New books to read! About gender, pronouns and disability. ❤️
Are you looking for some new books to read to your children? We've recently found three new books that I think you will like.
The first is Being You: A First Conversation About Gender by Megan Madison, Jessica Ralli and Anne/Andy Passchier (UK here)(worldwide here).
Being You covers body parts (includes the words penis and vagina, but there are no images of nudity), gender, pronouns, and the importance of being you!
Being You helps us to give our child language around gender and opens the discussion around gender in a really open and positive way.
It's also a fantastic book to read if you want to discuss with your child gender stereotypes around clothes, toys, or colours, which often come up in preschool-age children when they start to play with others or when they start to hear others voicing their opinions.
Being You has a section in the back to continue the conversation in the area of body parts, gender assignment, gender binary, gender stereotypes, gender pronouns, gender expression and play, feminism, patriarchy, empowerment and activism.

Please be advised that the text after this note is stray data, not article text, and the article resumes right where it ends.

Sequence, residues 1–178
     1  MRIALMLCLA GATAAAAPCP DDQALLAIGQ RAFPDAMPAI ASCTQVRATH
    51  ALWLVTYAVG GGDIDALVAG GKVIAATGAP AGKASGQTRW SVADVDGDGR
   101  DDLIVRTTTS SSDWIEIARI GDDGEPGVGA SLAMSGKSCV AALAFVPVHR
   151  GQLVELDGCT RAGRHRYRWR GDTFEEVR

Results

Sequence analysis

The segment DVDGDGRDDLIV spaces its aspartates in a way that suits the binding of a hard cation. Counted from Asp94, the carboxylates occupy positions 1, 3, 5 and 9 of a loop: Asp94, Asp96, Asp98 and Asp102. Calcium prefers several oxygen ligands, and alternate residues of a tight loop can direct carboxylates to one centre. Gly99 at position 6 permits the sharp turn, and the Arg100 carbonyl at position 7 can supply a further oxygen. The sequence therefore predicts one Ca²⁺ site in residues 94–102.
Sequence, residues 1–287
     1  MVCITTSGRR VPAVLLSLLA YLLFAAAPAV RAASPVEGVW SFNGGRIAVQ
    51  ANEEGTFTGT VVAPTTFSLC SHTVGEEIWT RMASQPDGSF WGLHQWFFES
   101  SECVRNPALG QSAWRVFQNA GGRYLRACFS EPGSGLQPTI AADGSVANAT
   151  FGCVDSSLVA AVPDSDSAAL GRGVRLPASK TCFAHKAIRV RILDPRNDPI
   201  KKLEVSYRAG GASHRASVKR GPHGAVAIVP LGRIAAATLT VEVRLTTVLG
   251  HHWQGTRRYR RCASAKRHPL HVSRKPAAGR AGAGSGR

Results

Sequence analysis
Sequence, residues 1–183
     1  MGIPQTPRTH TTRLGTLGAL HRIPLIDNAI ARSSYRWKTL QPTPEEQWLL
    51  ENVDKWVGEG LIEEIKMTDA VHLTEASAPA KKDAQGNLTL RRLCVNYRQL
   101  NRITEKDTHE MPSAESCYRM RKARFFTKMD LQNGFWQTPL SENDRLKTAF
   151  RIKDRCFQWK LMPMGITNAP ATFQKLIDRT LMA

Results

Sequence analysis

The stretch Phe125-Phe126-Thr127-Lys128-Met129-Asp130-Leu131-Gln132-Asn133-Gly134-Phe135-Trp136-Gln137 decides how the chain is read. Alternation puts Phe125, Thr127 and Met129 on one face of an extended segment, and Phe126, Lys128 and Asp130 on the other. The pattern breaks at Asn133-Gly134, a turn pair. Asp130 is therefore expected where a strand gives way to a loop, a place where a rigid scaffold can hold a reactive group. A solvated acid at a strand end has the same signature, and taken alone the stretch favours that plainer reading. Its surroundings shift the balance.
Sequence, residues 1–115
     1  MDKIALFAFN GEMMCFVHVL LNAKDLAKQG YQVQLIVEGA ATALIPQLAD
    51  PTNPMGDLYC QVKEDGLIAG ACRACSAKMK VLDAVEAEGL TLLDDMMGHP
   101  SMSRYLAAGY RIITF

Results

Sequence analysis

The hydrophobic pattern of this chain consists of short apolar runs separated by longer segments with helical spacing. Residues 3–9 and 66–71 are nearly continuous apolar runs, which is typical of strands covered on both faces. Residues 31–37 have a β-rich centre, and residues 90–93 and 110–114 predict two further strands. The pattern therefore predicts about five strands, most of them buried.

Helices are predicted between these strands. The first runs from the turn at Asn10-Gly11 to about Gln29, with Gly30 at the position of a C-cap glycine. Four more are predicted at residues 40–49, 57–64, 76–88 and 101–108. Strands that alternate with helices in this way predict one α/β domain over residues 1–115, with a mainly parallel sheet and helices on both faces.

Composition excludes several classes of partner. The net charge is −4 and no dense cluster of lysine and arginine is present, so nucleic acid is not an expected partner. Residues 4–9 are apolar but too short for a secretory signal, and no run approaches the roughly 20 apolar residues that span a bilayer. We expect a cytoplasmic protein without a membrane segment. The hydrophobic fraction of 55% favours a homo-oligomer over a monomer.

This is in the First Conversation series, which includes Yes! No! A First Conversation About Consent, Every Body A First Conversation About Bodies and Together: A First Conversation About Love.
If you want to further the discussion around pronouns, you might like The Pronoun Book by Chris Ayala-Kronos and Melita Tirado (UK here)(worldwide here). My five-year-old is learning about pronouns, and this age is the perfect time to read it.
The storyline is simple. If you don't know what someone wants to be called, ask them! It can also be a conversation starter on the different pronouns that people use.
Come Over to My House by Eliza Hull, Sally Rippin and Daniel Gray-Burnett (UK here) (worldwide here). Sally Rippin is the author of the popular Billie B Brown series.
Until now, we didn't have a children's picture book specifically about disability. This story takes us inside the homes of seven children; each child has a disability or has a family member with a disability, including cerebral palsy, being blind, deaf, Achondroplasia, limb differences, intellectual disability and Autism.
Come Over to My House addresses disability in a child-centred way, it's usually by noticing how people read, play or interact differently. It's a beautiful book about friendship and acceptance. And just like the other books featured here, it is a good conversation starter.
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